Bandleader George Clinton conceived this track from a comment when he was shooting film for an unfinished Parliament/Funkadelic movie outside the United Nations headquarters. The scene in question was the landing of P-Funk's signature prop, the Mothership, accompanied by a UN staffer raising the flags of the member nations. One of Clinton's friends described what he was looking at as "one nation under a groove."
Bass guitarist Bootsy Collins recalled to Uncut: "One night in D.C. some guys start shouting, 'One nation! One nation! One Nation Under a Groove!' When you've got fresh musicians around you, you can take that hook line and really make something. George's thing was, 'It don't matter how many hooks you put in. Don't matter! Put them all in there.' So, on that song, you've got 'One Nation Under a Groove... Feet don't fail me now,' all that."
The title is one of many mantras embraced by P-Funk, whose shows bring together a mix of races that come together over the music. "One Nation Under A Groove" represents the positive vide that comes from this connection.
George Clinton had the title in mind two years before the band recorded the song. He didn't have any lyrics - he came up with those in the studio.
Clinton wrote this song with his musical director Garry Shider and with Junie Morrison, formerly of The Ohio Players. It was the first Funkadelic track Morrison worked on. He told Red Bull Music Academy: "As I recall, George was not present at the inception of the track. Thankfully, Garry Shider was there and very supportive during the process. Garry helped to ease the tension between myself and the members that I did not yet know personally, which made my arrangement easier for the band to handle. Bootsy Collins added his drums at a later date.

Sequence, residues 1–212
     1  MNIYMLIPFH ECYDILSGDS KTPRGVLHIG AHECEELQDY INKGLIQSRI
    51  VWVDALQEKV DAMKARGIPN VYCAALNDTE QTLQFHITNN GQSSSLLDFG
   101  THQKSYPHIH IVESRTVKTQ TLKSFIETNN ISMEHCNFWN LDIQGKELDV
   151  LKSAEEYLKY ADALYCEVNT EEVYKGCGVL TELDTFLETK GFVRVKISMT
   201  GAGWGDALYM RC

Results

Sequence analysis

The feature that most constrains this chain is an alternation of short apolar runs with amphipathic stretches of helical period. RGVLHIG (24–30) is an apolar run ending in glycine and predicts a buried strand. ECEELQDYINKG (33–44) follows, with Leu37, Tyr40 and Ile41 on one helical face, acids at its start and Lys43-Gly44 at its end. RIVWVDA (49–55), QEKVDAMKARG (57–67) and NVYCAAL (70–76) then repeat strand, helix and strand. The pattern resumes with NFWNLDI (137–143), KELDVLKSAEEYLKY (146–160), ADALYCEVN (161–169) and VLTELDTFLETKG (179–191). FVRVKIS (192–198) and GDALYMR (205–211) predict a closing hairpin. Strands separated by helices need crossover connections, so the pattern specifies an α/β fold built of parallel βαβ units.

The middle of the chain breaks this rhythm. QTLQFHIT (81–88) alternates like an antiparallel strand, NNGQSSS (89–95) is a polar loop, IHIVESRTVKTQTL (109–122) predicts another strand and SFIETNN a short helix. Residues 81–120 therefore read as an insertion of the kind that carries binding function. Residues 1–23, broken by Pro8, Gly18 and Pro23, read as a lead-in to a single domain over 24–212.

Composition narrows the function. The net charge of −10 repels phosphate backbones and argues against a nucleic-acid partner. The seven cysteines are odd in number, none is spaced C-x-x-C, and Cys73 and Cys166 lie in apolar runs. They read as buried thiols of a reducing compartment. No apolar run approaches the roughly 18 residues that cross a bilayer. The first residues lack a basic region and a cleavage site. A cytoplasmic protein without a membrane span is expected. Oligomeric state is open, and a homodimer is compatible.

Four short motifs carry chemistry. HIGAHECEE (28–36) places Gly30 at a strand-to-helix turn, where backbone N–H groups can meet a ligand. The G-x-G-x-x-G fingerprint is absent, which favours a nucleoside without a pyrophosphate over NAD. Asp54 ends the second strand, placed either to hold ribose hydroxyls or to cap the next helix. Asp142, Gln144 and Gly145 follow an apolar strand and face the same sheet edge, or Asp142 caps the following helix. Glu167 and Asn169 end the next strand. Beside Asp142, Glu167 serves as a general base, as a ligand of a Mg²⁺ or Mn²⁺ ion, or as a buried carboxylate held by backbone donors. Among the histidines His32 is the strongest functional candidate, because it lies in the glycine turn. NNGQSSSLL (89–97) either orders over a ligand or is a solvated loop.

Bernie Worrell was not present at the track's inception either. Bernie was waiting on his awesome Moog Modular to arrive, which took a bit longer than expected. However, once Bernie and Bootsy added their vibes to the track, 'One Nation Under a Groove' became unstoppable. The awesome vocal aspects of the track were also added some time later, as well."
This went to #1 on the R&B chart, giving Funkadelic their first topper on that tally (they had another with "(Not Just) Knee Deep"). George Clinton usually released the songs with more hit potential as Parliament tracks, but he felt it was time to get Funkadelic a hit.
"We really wanted it to be a hit so we really made it more commercial and more straightforward than I like to do it," he told Blues & Soul in 1978. "The band were even singing: 'Corny or not, here we come'! It's corny but it's clever and the time is right for it. It's something we hadn't done since our Motown days. Sure, we could have done it all along but people bag you and you can't get out of the bag then and Funkadelic mustn't be bagged.
At one time, we were gonna do it much harsher but it didn't suit the vibration of the song. We don't want people to think of us as being political – though we are political but from a mental standpoint. Burn down the ghettoes in your head and trespass in your own mind, that's what we are trying to say."
This was used in the 1991 movie Young Soul Rebels. The film takes place during The Queen's Silver Jubilee in 1977, over a year before this was recorded.